Cain was in the first generation of children ever born. He (as well as his brothers and sisters) would have received virtually no imperfect genes from Adam or Eve, since the effects of sin and the Curse would have been minimal to start with (it takes time for these copying errors to accumulate). In that situation, brother and sister could have married with God?s approval, without any potential to produce deformed offspring.

    By the time of Moses (a few thousand years later), degenerative mistakes would have built up in the human race to such an extent that it was necessary for God to forbid brother-sister (and close relative) marriage (Leviticus 18?20).12



    So at the time of Noah, it was still ok for close-relations to marry, and wouldn't have been a big deal to them. It wouldn't cause any deformations and so we arne't all inbred.
  21. Jediflyer Force Ghost

    Member Since:
    Dec 5, 2001
    star 5
    Then where did the different races come from?

    How did the Indians get to America?

    When did the Egyptians build the sphinx?

    Where did the Ice Man come from (you know, the one found up in the mountain that had been murdered)?

  22. ShaneP Ex-Mod Officio

    Member Since:
    Mar 26, 2001
    star 6
    ryan

    What I mean is: Noah didn't necessarily have to sail around the globe for him and the writers of genesis to think he went around the world.

    And all the animals in the area would certainly have to be preserved from a specific area because that would've been the area most impacted.

    Other areas of the globe wouldn't have the same types of wildlife as those from Noah's

    That's why he needed an ark and needed to save certain animals.

    As for the 120 years, maybe Noah saw the advancing level of the waters caused by the melting of icecaps over generations?

    That would've given him time to plan.

    There could've been a slow advance of waters followed by a breakout or catastrophic waters caused by flows coming through mtn. passes, other geographa, etc.

  23. Darth Geist Force Ghost

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    Oct 23, 1999
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    Other areas of the globe wouldn't have the same types of wildlife as those from Noah's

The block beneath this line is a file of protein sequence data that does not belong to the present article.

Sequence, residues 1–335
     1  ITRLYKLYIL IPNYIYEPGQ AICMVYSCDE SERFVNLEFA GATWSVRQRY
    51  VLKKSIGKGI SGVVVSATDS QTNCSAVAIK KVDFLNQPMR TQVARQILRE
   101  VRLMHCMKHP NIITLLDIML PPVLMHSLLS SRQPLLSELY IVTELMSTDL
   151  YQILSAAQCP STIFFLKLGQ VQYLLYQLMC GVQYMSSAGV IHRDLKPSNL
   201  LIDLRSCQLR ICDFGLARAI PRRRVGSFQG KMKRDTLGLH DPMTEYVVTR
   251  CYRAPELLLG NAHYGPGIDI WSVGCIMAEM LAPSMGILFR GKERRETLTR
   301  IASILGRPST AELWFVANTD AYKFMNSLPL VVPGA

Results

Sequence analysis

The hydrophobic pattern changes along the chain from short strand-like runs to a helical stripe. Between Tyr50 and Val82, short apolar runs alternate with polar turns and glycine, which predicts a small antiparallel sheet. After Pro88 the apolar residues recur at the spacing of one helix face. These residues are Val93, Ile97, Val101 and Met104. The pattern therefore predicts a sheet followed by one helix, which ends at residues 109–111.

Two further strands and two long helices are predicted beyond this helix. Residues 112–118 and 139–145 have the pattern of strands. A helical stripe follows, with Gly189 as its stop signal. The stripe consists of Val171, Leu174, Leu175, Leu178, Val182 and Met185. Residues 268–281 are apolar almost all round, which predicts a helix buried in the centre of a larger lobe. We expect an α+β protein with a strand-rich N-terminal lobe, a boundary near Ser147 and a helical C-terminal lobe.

That's why he needed an ark and needed to save certain animals.


    Indeed. Noah's ark, if it ever historically existed, certainly wouldn't have held two of every species in the world.
  24. ShaneP Ex-Mod Officio

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    Mar 26, 2001
    star 6
    Right Geist.

    And it didn't need to hold every species on the globe either. Just every species from their world.

  25. ryan123450 Force Ghost

    Member Since:
    Jun 23, 2003
    star 2
    Then where did the different races come from?
    How did the Indians get to America?
    When did the Egyptians build the sphinx?
    Where did the Ice Man come from (you know, the one found up in the mountain that had been murdered)?


    I could tell you what I think about all these things and give you info to back my opinions up (www.answersingenesis.com), but what does that have to do with what we are talking about?

    shanep, I'm lost as to what we're going back and forth about now. In my first post all I was saying is if the flood was local, then why would Noah need to save the animals in the Black Sea or Mesopotamian area (where ever you think it occured)? The animals would have existed outside that immediate area as well. The flood had to be global for their to be any point of building an ark and filling it will people and animals. Otherwise they could have fled the area and escaped the flood and God's judgement.

    And the ark was really really big, the Bible even tells it's specs. It could have and did fit two of every kind of animal in the world easily.